The exhibit Asia Quest at the Columbus Zoo houses even more animals than we’ve already touched on. In what looks like a large Japanese-style room you find large bats, giant fruit bats and golden mantled bats. Of those who have a fear of bats these particular bats are some of the most charming looking, with friendly dog-like faces and a diet of fruit, they are a good start to help bring the fear to fondness. The only flying mammals, bats are truly fascinating creatures. It was amazing to see them up close as they hung from the rafters before me and one even, from out of a slumber, stretched out its large delicate wing showing off its veined artistry.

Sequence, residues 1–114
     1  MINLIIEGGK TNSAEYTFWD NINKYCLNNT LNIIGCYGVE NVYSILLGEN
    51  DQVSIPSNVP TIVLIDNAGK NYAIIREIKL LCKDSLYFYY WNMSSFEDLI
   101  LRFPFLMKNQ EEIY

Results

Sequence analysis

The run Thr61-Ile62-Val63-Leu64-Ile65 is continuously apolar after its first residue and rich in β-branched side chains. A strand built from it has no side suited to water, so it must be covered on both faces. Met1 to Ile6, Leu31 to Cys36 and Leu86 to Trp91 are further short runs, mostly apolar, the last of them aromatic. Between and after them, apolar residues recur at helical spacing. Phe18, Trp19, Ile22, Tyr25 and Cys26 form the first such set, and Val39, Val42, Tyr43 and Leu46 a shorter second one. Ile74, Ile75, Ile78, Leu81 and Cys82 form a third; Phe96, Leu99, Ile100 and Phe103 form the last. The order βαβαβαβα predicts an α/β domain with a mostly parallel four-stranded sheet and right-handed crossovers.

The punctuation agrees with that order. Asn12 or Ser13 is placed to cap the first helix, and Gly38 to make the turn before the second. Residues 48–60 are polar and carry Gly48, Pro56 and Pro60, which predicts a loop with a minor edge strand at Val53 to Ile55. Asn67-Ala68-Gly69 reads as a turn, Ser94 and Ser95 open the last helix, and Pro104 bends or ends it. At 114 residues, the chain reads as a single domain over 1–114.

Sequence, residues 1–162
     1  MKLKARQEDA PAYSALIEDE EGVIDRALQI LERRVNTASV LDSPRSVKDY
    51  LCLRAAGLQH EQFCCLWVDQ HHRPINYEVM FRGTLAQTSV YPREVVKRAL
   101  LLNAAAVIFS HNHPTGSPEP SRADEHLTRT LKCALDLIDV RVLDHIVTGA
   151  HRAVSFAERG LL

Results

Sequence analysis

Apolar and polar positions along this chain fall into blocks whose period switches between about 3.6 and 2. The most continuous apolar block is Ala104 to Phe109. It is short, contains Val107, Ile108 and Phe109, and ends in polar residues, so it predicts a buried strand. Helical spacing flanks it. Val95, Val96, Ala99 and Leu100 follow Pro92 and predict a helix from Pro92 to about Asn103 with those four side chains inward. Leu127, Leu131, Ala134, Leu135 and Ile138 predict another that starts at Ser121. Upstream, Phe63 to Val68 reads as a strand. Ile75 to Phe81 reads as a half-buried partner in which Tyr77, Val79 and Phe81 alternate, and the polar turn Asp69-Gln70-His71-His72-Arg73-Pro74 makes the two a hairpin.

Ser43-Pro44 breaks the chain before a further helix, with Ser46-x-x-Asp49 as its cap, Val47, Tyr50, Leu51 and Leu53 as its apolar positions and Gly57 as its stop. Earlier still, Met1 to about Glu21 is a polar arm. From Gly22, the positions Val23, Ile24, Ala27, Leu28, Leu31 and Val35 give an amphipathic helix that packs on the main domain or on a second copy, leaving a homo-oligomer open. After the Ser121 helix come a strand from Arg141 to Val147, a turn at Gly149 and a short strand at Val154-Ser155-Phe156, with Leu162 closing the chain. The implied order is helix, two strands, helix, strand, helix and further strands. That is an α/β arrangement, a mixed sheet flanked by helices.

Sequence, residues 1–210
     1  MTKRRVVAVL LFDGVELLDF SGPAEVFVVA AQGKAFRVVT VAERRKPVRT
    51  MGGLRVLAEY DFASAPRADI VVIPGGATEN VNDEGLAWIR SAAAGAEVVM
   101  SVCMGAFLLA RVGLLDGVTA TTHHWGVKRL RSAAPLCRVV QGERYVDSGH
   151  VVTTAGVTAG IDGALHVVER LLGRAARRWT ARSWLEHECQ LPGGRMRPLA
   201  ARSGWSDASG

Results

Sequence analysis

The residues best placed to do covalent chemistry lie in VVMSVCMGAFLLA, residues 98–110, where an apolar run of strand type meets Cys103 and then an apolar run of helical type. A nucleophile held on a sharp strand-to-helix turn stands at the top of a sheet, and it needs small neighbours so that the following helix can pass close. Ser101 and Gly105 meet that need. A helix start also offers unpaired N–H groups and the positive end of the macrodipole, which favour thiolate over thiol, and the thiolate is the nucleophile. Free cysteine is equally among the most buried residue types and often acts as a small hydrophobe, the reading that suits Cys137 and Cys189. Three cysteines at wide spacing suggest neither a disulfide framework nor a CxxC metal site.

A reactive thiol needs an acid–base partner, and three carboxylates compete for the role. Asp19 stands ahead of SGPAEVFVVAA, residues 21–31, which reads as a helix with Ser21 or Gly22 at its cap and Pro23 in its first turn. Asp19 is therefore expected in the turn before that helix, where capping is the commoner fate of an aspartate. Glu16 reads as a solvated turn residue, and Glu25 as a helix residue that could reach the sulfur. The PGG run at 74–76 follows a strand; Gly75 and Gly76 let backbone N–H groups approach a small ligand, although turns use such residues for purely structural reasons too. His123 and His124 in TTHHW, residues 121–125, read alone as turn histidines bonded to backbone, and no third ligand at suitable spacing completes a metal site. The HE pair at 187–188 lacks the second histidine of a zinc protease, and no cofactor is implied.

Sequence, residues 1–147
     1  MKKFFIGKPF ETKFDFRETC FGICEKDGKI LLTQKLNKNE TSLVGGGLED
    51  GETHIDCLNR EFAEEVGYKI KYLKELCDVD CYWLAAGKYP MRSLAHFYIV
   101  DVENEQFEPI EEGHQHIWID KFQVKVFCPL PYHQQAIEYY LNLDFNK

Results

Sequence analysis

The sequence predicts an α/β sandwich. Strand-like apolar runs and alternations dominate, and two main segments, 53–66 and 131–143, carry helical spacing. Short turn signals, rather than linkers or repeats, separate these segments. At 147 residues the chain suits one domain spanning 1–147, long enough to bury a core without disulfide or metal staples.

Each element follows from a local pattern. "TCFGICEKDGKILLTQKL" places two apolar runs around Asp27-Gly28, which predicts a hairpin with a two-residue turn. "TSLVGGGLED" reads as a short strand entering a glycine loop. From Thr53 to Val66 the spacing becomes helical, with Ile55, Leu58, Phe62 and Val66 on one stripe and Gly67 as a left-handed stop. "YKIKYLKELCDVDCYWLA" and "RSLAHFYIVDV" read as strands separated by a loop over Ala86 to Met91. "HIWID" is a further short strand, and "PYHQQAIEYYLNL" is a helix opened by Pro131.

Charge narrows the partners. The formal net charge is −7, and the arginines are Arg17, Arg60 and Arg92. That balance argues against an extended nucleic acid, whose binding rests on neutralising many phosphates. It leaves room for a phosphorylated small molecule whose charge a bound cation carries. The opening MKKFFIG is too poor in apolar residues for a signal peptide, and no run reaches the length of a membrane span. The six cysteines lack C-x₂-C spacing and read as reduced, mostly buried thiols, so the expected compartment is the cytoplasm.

The Vanishing Giants building is where the zoo houses its Asian elephants and black rhinos. The family of Asian elephants, including 2 year old Beco, were relaxing indoors when we visited, munching on browse and enjoying dust baths. This indoor facility is the largest indoor exhibit of its kind in North America at 41,000 square feet. The hope with their expanded exhibit is to extend their herd to include mostly all females that are related, mirroring their natural matriarchal herds in the wild. A large herd with this dynamic helps to enrich the lives of the elephants and reduce stereotypical behaviours.
The Columbus Zoo was once home to one of the longest living rhinos in captivity, Clyde, at almost 50 years of age, a pretty impressive achievement for a large and endangered animal. I was even able to speak with one of his keepers who said he was “a great animal” and sorely missed.
Another feature of Asia Quest is the pleasant Pheasant Aviary, an exhibit where you can stroll through what appears to be an abandoned Asian garden filled with beautiful pheasants in a variety of brilliant colours.